# Determine the range for the amount demanded

A consumer consumes two (and only two) goods A and B. Both goods are ìgoodî in the sense that more of either is strictly better. The consumerís preferences are well-behaved (complete, transitive, continuous, strictly convex) and do not change. You are given the following information: When the price per unit of good A is $\$$1, the price per unit of good B is \$$1, and her wealth is$\$$15, she chooses to consume 9 units of good A. When the price per unit of good A is \$$1.1, the price of good B is $\$$1, and her wealth is \$$14, she chooses to consume 10 units of good A. Suppose that the price per unit of good A is$\$$1, the price per unit of good B is \$$1, and the consumerís wealth is $\$$14. What do we know about the number of units of good B she will choose? Your answer should be expressed as a range of units possible values. Explain Briefly. (Example of a wrong answer written properly: 1 # of units of good B < 7.) ———- My attempt: Case1: When P_a=P_b=1, consumer consumes 9 units of A with wage=15 dollars.$$x_a+P_a+x_b+P_b\le 159*1+x_b*1\le15x_b\le 6$$So consumer can consume 6 units of B at most. Case2: When P_a=1.1 \ \& P_b=1, consumer consumes 10 units of A with wage=14 dollars.$$x_a+P_a+x_b+P_b\le 1410*1.1+x_b*1\le14x_b\le 3$$So consumer can consume 3 units of B at most. As it is seen, as income decreases, even if price increases, the demanded amount for good A increases. So this good is inferior good. On the other hand, as income dresses, the demand for good B decreases as well. So good b is normal good. When prices are$P_a=P_b=1$And wage is 14 If$x_a= 9$, then$x_b\le 5$If$x_a= 10$, then$x_b\le 4\$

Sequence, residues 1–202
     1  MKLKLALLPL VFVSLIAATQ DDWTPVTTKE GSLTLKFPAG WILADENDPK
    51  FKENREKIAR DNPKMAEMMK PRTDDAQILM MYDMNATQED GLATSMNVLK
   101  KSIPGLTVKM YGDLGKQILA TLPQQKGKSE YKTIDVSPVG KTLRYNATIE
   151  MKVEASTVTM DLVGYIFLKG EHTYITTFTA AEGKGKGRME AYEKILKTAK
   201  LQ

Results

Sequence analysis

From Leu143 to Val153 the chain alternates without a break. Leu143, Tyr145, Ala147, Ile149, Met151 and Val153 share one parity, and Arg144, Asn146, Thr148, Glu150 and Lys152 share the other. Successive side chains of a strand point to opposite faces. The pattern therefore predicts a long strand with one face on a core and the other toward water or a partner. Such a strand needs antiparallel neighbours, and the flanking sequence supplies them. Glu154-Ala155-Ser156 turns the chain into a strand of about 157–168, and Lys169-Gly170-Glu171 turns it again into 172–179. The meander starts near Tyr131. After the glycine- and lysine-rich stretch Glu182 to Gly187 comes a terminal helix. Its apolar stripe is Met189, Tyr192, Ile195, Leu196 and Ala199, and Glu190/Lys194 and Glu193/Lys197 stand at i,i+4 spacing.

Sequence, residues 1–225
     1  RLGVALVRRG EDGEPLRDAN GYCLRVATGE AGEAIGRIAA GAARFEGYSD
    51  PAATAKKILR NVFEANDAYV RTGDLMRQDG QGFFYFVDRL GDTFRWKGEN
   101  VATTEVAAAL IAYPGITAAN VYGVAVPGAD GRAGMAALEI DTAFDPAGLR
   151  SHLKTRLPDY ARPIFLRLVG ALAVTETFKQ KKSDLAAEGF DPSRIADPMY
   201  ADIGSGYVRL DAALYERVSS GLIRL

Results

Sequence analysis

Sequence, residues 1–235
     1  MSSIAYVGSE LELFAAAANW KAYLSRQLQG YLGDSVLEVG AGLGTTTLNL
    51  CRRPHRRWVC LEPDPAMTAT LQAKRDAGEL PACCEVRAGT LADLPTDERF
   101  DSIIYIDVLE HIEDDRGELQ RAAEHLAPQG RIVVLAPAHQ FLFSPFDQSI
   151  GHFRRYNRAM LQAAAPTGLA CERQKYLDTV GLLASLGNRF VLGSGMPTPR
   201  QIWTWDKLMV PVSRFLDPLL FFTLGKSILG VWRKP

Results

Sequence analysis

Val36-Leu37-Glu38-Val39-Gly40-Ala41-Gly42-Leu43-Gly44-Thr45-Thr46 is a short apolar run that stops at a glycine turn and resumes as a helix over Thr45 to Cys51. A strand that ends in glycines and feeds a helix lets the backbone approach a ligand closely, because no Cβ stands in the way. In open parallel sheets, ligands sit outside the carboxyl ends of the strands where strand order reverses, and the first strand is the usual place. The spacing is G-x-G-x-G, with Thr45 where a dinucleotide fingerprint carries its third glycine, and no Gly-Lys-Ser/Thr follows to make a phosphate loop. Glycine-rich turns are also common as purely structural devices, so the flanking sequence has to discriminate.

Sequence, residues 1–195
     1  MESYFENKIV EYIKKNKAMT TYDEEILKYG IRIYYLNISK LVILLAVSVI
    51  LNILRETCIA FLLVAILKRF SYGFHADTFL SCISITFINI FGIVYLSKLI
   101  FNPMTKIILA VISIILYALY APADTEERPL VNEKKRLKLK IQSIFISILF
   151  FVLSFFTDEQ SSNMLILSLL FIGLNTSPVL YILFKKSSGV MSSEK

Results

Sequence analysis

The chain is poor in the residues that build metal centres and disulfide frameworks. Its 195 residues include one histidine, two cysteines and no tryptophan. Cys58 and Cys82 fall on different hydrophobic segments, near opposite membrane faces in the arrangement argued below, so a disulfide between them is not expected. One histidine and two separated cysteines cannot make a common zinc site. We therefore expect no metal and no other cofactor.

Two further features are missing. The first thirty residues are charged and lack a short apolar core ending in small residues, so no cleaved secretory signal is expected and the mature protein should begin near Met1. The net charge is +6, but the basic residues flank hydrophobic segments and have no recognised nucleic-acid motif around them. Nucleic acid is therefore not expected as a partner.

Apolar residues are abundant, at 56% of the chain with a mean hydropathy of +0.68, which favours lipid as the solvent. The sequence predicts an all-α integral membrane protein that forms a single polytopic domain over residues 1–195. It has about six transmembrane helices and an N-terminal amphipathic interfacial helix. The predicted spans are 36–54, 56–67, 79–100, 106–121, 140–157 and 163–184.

Mysolution is stack at this point.

I could not show my answer that can be expressed as a range of units possible values.

How can I determine / show this range?